How to Prep for an Advanced Manufacturing Job in Westchester

Advanced manufacturing jobs are in high demand, and Westchester offers a number of local training programs for workers to progress in the industry.

Love working in a hands-on environment? If so, manufacturing, which focuses on the creation of goods through making, building, and assembling, may be the industry for you. According to the Office of Energy Efficiency and Renewable Energy, investments in advanced manufacturing jobs are helping to bridge the gap between innovation and industrial production.

Locally, Westchester is a hub for advanced manufacturing, as the industry helps produce items such as inspection equipment, plastic fluid handling products, circuit boards, and aluminum parts. For those interested in acquiring the skillset to enter the field, there are a number of local training programs in the county and the greater Hudson Valley for advanced manufacturing positions.

“The majority of people who go into advanced manufacturing really enjoy working with their hands and making things,” says Jim Irvine, the Director for Corporate Education at SUNY Westchester Community College.

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Stacy Yonnone, CNC Machinist Apprentice
Stacy Yonnone, a CNC machinist apprentice at Bantam Tools. Photo courtesy of Stacy Yonnone

Aspiring manufacturing workers can gain expertise in a variety of programs throughout the Hudson Valley. The Manufacturing Apprentice Program offered by The Council of Industry helps employers develop the skilled workers they need. In addition, the Westchester-Putnam Career Center Network offers reimbursement for manufacturing training. SUNY Westchester Community College also offers two different programs related to advanced manufacturing. Depending on a person’s skillset and area of interest, they can enter the metalworking skills program or the production technician program.

“We have more people interested in the trades and working with their hands again,” says Harold King, President of The Council of Industry. “However, there aren’t many places for people to get the specific skills they need for these jobs. Our program is a great way to take someone who is interested in manufacturing and give them the skills they need to be successful in a job.”

The Council of Industry has been the Hudson Valley’s Manufacturers’ Association since 1910. In the Manufacturing Apprentice Program, registered apprentices get up to 8,000 hours of on-the-job training. Each apprentice completes 114 hours of outside training every year, which is split between online and in-person coursework. The goal of the program is for people to have a holistic understanding of the trade and advance their skills to be successful on the job.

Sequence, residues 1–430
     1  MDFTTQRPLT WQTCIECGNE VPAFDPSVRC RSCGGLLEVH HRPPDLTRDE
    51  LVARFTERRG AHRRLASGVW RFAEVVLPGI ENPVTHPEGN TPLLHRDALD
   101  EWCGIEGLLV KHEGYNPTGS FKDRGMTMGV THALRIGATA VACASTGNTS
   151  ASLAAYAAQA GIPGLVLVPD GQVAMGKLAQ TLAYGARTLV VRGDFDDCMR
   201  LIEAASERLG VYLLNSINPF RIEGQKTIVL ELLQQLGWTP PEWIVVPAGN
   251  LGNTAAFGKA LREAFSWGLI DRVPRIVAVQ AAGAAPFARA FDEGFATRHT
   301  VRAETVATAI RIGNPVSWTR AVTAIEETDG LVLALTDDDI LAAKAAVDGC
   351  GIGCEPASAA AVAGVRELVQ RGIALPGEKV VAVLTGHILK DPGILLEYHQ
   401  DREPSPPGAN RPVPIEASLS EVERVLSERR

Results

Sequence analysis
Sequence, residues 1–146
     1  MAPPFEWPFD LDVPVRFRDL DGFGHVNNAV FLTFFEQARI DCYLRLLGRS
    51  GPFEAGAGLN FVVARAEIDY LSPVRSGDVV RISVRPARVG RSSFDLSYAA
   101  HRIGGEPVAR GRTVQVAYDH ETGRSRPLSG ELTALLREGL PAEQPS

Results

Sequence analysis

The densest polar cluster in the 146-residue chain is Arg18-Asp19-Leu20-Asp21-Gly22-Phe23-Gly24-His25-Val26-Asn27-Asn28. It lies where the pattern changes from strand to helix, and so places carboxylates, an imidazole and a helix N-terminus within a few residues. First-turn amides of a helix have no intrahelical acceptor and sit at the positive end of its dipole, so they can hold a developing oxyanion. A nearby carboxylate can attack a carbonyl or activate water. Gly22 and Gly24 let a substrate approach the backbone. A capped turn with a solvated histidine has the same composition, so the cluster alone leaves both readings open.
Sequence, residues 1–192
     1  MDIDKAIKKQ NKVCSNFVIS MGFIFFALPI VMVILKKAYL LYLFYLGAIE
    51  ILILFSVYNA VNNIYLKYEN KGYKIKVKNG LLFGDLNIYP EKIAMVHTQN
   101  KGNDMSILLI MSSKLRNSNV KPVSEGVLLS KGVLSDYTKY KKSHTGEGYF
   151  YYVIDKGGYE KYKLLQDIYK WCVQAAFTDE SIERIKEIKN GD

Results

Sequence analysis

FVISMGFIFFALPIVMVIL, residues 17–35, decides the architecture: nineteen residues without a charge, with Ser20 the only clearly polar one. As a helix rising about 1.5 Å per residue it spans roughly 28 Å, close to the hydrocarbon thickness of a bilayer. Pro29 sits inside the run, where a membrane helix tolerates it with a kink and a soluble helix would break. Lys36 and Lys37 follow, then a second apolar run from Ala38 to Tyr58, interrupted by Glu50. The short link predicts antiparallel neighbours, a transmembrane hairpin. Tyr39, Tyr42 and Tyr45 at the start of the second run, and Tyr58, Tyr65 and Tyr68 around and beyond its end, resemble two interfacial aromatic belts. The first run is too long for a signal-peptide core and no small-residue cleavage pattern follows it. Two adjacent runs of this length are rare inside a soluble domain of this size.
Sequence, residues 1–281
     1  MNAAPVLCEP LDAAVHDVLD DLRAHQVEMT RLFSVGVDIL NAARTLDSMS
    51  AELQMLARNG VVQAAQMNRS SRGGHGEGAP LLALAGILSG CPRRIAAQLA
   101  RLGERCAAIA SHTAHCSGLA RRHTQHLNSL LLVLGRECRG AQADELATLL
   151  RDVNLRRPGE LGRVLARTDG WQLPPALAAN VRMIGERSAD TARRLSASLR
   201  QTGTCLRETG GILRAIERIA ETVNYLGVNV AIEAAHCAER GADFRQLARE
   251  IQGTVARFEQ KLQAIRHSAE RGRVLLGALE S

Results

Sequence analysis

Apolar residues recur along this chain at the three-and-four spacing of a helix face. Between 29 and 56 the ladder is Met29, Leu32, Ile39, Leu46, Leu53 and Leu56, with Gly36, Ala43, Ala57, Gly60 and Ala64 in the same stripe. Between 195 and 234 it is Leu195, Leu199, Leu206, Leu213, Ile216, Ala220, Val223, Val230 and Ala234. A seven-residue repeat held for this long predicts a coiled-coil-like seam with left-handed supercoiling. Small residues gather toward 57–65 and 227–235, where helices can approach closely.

“The industry is being driven by demographics,” King notes. “There are a lot of people who work in manufacturing in the Hudson Valley that are 60 years and older. Then, there’s a handful that are 30 years and younger, but we need a lot more. Apprenticeship and on-the-job training is the way to get the skills and knowledge of older workers into the brains of younger workers.”

Young people just graduating high school or looking to enter the trades can join one of the advanced manufacturing programs at SUNY Westchester Community College. The National Institute for Metalworking Certification Program provides students with knowledge of safety, measurement, job planning, benchwork, and layout. Students in the program can also learn how to operate computer numerical control machines (CNCs), which are used to make parts in the manufacturing process.

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“One benefit of our programs is that they are both nationally recognized in the advanced manufacturing industry,” Irvine explains. “They also allow students to get hands-on applied knowledge in their area of interest.”

Advanced manufacturing in Westchester
Adobe Stock / Quality Stock Arts

The community college also offers a Certified Production Technician course with the goal of advancing the skills of production technicians starting or furthering their careers. Grant funding is available for the program to those who qualify for Workforce Development Scholarships. The certification provides value to employers and enhances transferable manufacturing skills at a low cost.

“There are quite a few manufacturers in Westchester County, Putnam County, and certainly in the larger Hudson Valley area,” Irvine adds. “Some people who graduate from our program will work for local manufacturers while others will work for the county itself.”

Advanced manufacturing is an emerging career field in which people can work with 3D printing, sustainable energy, and even artificial intelligence. The advanced manufacturing programs offered in Westchester and the Hudson Valley allow people to gain the necessary skills and knowledge they need to be successful in the technology-driven jobs of the 21st century.

“If you have the aptitude and interest, manufacturing is a great career to go into,” King says. “It allows you to express yourself and earn a great living. I think there will be job security in this industry for a long time because the skills are easily transferable and you can take them anywhere.”

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